Elon Musk is Still a Wet Blanket on AI
The Tesla and SpaceX CEO calls for regulation now, before it's too late
Though one of the most progressive technocrats living, Elon Musk has long been a staunch critic of AI and the mad dash his contemporaries are engaged in to fully realize the cognitive potential of machines.
His position is making headlines again this week following an appearance at the bipartisan National Governors Association in Rhode Island last weekend. There, Musk was asked by Nevada governor Brian Sandoval if machines are going to take people's jobs. Musk was sincere in his reply, claiming that not only will robots take jobs, but that AI is “a fundamental existential risk for human civilization;” one that far too few are taking seriously.
Musk goes on to call on government to begin regulating AI development now, before it's too late, as it surely will be as soon as any developer crosses the cognitive uncanny valley — so to speak. But government is notoriously slow, and unless legislation is being prepared as we speak, it's likely the AI nut will be cracked by the time ink starts drying on bills; especially considering how enamoured marketers are with the technology.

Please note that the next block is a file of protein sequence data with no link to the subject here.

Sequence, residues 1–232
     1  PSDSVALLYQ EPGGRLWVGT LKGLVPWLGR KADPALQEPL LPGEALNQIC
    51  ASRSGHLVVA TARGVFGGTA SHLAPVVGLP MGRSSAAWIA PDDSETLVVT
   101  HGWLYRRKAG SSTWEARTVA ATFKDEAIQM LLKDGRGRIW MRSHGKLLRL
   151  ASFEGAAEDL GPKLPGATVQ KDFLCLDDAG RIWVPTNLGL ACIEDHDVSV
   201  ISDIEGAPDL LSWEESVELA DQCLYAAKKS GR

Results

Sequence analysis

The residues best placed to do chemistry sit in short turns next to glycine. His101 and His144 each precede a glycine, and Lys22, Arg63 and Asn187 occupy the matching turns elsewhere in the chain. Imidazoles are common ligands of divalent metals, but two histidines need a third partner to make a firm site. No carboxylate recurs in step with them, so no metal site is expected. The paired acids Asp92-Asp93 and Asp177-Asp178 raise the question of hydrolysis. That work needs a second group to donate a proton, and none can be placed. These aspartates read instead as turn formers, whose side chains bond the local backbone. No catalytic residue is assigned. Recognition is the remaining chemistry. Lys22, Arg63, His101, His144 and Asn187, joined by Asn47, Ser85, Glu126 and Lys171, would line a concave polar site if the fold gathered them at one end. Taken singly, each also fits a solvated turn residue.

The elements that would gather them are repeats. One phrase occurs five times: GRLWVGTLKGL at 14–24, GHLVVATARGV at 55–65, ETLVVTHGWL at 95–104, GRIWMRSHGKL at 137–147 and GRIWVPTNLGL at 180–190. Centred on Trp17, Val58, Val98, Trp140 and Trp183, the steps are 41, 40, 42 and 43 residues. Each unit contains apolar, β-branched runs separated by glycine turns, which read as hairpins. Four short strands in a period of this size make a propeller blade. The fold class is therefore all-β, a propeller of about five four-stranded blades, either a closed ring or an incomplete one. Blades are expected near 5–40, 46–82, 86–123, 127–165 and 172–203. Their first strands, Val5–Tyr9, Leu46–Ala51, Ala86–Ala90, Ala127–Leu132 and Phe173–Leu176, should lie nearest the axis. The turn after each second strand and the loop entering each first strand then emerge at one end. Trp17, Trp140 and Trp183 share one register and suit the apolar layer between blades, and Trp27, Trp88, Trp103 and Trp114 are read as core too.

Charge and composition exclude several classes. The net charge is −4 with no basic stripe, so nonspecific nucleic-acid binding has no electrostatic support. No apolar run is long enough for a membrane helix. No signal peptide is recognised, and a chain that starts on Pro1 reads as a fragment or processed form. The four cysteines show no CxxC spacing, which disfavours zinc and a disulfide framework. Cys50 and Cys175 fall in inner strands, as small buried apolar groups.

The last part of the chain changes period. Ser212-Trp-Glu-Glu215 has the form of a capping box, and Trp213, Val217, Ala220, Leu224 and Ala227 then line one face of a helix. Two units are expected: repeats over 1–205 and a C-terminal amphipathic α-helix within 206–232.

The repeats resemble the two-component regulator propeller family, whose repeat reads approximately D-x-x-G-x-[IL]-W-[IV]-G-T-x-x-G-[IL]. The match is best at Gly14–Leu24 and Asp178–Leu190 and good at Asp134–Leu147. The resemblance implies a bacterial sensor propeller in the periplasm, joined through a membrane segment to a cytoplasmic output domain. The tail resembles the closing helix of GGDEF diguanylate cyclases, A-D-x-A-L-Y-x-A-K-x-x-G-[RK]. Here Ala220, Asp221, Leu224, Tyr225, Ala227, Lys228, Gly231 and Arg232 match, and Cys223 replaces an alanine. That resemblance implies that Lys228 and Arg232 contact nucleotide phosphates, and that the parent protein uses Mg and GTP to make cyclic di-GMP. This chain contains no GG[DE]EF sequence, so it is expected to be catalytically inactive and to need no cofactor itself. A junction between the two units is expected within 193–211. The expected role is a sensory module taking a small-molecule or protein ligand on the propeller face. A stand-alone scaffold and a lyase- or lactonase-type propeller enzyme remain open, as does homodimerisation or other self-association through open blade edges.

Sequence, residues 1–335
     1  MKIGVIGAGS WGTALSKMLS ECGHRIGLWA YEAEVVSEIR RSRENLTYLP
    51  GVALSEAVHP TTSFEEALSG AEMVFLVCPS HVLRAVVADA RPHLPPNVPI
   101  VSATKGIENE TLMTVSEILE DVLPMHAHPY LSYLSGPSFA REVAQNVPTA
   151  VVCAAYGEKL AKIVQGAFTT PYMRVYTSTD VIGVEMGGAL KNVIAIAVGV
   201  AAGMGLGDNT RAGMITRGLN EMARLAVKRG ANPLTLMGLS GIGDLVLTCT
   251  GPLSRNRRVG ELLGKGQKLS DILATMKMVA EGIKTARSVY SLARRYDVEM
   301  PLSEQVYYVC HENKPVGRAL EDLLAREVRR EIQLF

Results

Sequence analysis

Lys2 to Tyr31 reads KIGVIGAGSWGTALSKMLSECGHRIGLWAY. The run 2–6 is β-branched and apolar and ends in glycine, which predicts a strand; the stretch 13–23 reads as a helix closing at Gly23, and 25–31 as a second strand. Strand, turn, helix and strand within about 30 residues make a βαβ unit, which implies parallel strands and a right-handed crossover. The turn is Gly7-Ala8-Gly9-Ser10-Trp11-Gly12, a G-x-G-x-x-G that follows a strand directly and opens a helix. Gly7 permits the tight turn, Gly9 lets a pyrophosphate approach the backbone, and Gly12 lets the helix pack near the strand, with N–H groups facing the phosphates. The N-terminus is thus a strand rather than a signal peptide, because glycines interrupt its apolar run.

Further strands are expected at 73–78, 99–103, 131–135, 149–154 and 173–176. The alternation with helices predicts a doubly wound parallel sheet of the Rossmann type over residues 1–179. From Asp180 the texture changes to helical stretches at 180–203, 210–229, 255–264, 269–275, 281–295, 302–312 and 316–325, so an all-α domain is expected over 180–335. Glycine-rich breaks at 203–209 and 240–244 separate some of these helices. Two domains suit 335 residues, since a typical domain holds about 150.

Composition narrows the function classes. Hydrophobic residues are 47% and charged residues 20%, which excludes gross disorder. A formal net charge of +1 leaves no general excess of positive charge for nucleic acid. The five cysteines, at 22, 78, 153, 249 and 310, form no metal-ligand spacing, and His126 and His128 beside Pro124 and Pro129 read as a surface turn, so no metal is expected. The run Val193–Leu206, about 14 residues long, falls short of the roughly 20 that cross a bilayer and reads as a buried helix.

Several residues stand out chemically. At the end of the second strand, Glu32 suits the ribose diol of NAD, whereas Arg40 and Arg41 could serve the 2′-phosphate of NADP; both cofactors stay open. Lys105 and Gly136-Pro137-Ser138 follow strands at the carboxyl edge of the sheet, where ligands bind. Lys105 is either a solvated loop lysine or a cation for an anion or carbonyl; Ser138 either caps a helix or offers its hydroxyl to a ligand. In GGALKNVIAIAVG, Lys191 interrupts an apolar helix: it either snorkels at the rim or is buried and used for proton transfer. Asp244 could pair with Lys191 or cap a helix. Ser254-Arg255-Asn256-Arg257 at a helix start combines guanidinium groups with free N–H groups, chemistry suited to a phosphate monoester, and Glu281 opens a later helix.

Of course, much of the powerful, sci-fi-AI that unnerves Musk still eludes marketers. He is a connoisseur of technology, and likely engages with genius developers who are pushing the boundaries of AI on a regular basis. It's important to consider Musk's access and exposure before taking a skeptical view on his cynicism here.
It's equally important to remain lucid as marketing professionals and data scientists. AI and its associated cognitive computing counterparts are going to change the way marketers deal with data — and necessarily so, because of the scale and velocity of data today. For the most part, marketers aren't yet working with the sort of AI that scares Musk.
That would be “general” AI — a system which can train itself to do anything a human can do, and more (much more). AI developments for marketing — which are quite exciting enough — fall into the category of “narrow” AI, or AI designed to overachieve in specified areas.
Think of narrow AI as making the marketer's life easier. General AI would replace the board.